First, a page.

A library card can refer to several cards traditionally used for the management of books and patrons in a library. In its most common use, a library card serves similar functions as a membership card. A person who holds a library card has borrowing or other privileges associated with the issuing library. The library card also serves as a method of identification. When a person chooses an item to borrow and presents their library card to the library, they take responsibility for the borrowed item and promise to abide by certain rules, usually including a promise to return the item by the due date or face a library fine. If the cardholder violates these responsibilities, their borrowing privileges may be suspended. As of 2011, 62% of all Americans are library cardholders.
"Library card" may also refer to the borrowing cards used to record book borrowing before the advent of computer systems. When a library book was prepared for lending, a borrowing card would be inserted into a small pocket in the front or back cover of the book. When a patron borrowed a book, their name and the book's due date would be recorded on the borrowing card, which would be filed under the patron's name or card number. The borrowing card would be replaced with a stamped due date card to inform the patron of the item's due date. The book was then released to the patron. When the book was returned, the patron's name would be crossed off the borrowing card. The borrowing card would be placed back in the book and the book would be shelved. In some libraries, this system of borrowing may still be in use.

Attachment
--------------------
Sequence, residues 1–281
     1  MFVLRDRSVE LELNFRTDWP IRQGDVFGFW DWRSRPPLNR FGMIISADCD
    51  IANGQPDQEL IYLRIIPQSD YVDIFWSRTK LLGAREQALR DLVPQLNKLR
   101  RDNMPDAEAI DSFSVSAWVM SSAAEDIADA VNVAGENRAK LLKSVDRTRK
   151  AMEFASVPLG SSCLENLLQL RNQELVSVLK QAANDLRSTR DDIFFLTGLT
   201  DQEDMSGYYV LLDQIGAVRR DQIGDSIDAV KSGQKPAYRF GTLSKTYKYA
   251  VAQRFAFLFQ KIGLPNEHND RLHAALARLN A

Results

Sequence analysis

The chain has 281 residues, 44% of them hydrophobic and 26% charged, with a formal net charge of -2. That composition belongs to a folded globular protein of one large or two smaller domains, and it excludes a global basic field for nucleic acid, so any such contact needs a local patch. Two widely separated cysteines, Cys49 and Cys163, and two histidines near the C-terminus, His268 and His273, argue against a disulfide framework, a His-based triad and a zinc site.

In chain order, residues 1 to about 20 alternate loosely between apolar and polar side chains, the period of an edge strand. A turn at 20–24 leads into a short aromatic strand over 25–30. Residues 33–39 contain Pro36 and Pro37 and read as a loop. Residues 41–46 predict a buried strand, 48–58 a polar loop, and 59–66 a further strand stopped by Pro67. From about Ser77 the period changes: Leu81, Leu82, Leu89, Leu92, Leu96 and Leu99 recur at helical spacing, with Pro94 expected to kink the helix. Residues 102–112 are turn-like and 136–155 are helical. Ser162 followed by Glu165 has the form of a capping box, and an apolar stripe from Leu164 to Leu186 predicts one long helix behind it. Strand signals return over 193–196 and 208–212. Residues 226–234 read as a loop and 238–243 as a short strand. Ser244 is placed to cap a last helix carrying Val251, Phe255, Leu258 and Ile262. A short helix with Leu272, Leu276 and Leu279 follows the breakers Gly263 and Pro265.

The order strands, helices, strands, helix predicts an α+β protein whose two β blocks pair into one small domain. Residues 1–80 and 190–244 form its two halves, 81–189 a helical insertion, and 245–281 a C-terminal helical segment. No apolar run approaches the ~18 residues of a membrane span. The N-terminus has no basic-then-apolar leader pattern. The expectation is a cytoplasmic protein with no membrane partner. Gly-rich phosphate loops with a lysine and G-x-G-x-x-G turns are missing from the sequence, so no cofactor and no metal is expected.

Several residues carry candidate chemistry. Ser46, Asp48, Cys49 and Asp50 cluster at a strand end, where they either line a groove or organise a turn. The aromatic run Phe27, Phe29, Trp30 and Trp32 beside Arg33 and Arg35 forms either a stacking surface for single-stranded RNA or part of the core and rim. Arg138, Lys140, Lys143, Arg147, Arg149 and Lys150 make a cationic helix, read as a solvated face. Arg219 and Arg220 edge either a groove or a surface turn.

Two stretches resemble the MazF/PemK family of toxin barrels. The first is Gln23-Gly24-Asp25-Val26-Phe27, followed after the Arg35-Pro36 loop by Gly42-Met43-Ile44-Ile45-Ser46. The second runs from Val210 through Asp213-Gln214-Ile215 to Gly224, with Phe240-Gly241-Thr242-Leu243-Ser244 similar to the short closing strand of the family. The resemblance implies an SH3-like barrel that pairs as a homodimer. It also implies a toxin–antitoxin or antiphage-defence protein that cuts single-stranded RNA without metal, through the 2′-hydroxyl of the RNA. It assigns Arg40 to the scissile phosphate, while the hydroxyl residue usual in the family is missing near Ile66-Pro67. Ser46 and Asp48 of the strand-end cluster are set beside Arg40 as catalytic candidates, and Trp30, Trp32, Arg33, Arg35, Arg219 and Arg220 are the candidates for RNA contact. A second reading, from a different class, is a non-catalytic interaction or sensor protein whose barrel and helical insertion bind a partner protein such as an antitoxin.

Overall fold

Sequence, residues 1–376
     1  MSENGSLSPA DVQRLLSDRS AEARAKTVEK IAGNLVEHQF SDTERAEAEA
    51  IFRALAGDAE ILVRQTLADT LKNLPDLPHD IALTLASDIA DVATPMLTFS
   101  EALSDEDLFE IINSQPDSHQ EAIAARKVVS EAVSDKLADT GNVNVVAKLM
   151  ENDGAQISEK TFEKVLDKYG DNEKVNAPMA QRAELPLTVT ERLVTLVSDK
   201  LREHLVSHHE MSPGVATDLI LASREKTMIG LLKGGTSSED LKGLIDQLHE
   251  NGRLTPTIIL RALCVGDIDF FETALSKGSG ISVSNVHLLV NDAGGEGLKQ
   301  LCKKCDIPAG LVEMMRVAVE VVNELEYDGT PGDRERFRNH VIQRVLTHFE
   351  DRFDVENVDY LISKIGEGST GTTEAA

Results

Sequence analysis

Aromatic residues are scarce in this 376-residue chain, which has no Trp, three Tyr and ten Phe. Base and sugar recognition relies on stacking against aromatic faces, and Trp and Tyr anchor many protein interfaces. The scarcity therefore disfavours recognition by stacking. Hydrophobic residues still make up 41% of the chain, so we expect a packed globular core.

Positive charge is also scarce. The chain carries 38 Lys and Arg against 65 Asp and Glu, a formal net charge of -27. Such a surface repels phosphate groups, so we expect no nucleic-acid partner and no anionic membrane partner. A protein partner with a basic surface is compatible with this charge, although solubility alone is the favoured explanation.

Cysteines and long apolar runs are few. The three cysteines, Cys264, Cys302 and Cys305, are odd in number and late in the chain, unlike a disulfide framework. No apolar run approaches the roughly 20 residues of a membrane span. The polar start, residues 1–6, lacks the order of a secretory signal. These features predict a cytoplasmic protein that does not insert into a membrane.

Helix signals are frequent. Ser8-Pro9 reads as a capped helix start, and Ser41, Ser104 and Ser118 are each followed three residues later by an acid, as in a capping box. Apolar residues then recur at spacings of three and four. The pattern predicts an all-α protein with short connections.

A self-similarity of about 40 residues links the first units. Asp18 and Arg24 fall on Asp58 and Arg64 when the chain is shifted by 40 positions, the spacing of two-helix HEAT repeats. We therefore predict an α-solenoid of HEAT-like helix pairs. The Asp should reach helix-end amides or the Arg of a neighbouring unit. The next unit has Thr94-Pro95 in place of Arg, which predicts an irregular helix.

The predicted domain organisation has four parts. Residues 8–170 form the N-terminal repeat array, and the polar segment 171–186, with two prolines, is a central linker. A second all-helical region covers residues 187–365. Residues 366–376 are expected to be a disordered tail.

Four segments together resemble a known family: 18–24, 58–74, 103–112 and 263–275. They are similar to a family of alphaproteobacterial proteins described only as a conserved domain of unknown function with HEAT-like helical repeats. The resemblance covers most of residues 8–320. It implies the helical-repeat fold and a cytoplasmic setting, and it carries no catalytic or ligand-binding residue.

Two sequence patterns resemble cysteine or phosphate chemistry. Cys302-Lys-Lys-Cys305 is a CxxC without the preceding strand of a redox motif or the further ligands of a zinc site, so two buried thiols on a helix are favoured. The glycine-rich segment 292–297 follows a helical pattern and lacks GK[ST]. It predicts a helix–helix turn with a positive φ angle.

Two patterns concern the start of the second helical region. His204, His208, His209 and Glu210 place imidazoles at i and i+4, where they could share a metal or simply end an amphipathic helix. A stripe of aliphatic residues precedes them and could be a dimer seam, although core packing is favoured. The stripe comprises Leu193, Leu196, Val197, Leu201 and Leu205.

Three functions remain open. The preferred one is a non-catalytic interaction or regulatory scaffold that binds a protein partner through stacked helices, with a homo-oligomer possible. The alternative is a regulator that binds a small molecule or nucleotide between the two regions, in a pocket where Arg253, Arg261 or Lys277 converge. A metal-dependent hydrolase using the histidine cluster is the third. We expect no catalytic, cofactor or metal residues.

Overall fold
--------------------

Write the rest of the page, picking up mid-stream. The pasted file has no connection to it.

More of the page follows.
- "Results of 1 January 2011 Harris Poll Quorum" (PDF). Harris Interactive. Retrieved 27 July 2013.
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